Mirror of Brave Military Guards in Kamakura

Utagawa Kunisada (歌川国貞, Toyokuni III, 1786-1865), Kamakura Buei Yoshi Kagami (Mirror of Brave Military Guards in Kamakura), ca. 1844. Color woodblock print triptych. Graphic Arts division GA2009- in process

Minamoto no Noriyori (1156-1193) sixth son of Minamoto no Yoshitomo

These three Japanese men were half-brothers during the late Heian and early Kamakura period. They were also successful generals whose achievements made them celebrated figures in the battles of the Genpei War. From 1180-1185, they fought against the Taira warriors, leading tens of thousands of soldiers over mountains and across seas. The brothers won magnificent battles and accomplished remarkable feats to successfully retake the city of Kyoto and ultimately defeat their enemies in the climactic Battle of Dan no Ura in April 1185.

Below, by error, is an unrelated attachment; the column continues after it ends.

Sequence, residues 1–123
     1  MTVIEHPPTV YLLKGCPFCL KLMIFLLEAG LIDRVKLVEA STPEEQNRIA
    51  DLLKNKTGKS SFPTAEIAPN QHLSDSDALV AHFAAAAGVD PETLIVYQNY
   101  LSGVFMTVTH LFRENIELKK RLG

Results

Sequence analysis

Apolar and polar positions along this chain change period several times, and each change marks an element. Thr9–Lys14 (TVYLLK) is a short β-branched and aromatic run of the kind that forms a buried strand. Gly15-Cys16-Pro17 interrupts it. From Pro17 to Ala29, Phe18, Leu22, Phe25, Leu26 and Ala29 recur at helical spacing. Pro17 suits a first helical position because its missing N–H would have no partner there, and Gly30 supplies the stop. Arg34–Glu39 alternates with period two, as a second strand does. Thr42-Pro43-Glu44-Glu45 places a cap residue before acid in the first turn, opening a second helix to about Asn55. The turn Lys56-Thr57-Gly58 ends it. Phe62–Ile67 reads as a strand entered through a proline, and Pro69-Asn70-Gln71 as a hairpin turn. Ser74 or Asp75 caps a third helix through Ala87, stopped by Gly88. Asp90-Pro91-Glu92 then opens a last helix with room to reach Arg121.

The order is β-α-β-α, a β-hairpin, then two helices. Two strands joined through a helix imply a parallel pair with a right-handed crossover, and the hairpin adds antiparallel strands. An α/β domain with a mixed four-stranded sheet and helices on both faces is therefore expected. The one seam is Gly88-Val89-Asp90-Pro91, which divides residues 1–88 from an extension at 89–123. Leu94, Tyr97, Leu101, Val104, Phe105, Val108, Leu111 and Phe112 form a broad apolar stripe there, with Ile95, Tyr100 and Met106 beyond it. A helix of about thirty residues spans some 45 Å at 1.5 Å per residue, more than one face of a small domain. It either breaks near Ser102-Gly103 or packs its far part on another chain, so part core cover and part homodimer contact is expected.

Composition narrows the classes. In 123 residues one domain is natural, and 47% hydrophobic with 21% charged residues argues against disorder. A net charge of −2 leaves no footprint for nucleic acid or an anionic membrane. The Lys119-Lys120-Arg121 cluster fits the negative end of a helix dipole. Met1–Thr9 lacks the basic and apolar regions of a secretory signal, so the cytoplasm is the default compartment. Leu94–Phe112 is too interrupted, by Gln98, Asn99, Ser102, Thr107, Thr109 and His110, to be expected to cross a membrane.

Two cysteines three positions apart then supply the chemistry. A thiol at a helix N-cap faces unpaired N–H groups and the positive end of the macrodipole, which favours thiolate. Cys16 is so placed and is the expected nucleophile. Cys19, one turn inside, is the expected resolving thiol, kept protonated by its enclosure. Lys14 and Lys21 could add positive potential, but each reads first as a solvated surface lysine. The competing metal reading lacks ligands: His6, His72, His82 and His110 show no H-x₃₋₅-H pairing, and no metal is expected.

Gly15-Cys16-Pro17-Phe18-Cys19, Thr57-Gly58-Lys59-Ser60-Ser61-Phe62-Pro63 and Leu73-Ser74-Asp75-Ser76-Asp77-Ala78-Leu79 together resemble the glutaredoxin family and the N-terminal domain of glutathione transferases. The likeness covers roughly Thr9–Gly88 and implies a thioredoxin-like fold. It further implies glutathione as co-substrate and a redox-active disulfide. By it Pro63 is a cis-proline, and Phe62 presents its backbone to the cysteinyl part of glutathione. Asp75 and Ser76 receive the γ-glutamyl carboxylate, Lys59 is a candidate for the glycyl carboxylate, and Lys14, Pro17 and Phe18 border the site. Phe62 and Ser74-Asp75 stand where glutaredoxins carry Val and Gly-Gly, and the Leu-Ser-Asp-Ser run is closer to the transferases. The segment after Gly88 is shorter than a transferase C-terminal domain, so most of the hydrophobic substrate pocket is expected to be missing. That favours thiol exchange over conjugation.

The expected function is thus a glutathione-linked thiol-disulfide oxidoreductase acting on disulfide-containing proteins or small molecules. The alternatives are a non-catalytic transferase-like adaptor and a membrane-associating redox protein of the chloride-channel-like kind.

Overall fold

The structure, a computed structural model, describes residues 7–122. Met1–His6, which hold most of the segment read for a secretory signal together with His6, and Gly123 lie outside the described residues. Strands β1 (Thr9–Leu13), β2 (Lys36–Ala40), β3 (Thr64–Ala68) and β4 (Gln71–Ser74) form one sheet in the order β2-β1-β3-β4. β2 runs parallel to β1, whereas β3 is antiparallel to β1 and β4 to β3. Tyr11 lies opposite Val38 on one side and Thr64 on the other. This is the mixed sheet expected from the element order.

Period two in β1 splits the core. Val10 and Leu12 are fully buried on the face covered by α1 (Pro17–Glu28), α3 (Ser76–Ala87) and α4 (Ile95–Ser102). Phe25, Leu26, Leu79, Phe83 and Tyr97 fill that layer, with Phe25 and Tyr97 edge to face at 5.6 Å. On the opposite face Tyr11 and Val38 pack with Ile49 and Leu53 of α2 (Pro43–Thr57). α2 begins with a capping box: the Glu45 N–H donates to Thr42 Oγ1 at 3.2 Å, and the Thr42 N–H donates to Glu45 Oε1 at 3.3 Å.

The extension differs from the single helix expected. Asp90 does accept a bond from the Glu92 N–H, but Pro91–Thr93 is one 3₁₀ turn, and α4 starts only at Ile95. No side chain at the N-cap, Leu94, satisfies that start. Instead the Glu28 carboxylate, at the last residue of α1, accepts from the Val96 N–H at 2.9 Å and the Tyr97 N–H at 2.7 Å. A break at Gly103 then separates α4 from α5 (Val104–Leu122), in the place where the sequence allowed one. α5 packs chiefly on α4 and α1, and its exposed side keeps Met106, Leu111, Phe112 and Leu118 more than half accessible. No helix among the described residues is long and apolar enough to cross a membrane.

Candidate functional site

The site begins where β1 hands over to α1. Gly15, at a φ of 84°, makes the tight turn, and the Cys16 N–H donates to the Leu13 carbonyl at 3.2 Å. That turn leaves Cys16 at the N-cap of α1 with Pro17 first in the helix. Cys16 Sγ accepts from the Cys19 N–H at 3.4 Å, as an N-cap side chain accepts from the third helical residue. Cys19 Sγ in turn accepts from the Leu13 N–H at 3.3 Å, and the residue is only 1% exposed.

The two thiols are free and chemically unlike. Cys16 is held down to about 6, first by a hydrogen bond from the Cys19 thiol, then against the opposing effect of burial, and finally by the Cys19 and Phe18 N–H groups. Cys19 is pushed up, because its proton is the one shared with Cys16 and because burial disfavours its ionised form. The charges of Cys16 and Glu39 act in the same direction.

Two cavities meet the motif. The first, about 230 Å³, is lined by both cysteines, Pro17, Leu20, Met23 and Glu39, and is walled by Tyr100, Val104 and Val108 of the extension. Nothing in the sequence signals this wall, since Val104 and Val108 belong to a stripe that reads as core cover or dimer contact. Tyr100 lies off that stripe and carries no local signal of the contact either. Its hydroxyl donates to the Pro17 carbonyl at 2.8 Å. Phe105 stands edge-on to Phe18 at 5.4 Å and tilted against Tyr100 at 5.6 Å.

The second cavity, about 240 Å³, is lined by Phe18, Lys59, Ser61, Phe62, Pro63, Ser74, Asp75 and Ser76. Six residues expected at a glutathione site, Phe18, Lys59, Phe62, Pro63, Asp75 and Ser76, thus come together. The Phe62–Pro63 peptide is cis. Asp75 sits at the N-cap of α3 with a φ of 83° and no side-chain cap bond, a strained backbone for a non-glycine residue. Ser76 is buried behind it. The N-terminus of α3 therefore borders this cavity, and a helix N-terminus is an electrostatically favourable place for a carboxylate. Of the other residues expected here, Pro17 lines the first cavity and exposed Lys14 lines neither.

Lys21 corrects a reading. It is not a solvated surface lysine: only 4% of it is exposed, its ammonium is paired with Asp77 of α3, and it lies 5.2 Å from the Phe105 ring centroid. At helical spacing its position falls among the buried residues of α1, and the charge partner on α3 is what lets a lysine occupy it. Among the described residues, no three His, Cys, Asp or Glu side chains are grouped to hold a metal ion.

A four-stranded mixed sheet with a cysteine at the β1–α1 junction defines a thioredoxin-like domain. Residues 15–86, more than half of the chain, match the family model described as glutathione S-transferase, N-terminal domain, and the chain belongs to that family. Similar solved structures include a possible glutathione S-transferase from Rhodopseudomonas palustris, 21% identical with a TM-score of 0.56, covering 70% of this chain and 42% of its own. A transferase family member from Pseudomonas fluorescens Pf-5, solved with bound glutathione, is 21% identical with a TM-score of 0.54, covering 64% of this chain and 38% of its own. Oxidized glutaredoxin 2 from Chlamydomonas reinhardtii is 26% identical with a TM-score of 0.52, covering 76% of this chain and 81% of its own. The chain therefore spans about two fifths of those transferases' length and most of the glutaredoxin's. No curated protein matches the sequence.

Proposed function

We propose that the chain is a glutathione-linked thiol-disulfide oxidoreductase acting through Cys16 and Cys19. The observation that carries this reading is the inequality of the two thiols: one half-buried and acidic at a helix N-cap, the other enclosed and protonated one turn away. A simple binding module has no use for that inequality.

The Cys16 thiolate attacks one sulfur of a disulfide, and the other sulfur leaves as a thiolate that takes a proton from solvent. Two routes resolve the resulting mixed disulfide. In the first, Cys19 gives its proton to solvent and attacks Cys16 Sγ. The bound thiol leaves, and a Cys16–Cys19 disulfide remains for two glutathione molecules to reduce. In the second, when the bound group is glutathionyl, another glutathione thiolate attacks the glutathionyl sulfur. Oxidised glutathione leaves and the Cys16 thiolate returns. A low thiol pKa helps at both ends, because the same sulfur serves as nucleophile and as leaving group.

However, suspicion and envy led to violent arguments between the brothers and in 1189, Yoritomo ordered that Yoshitsune be put to death. Noriyori was asked to lead the expedition to kill their brother and when he refused, Yoritomo had him sent into exile and later executed. To save face, Yoshitsune committed suicide.

Minamoto no Yoritomo (1147-1199) third son of Minamoto no Yoshitomo
Minamoto no Yoshitsune (1159-1189) ninth son of Minamoto no Yoshitomo

The story of Yoshitsune has been retold in many books and songs, as well as a movie by Akira Kurosawa entitled Tora no O wo Fumu Otokotachi (They Who Step on a Tiger's Tail), based on the kabuki play Kanjincho.

For more information, see Elizabeth Oyler, Swords, Oaths, and Prophetic Visions: Authoring Warrior Rule in Medieval Japan (Honolulu: University of Hawaii Press, 2006). East Asian Library (Gest): Western PL747.33.W3 O95 2006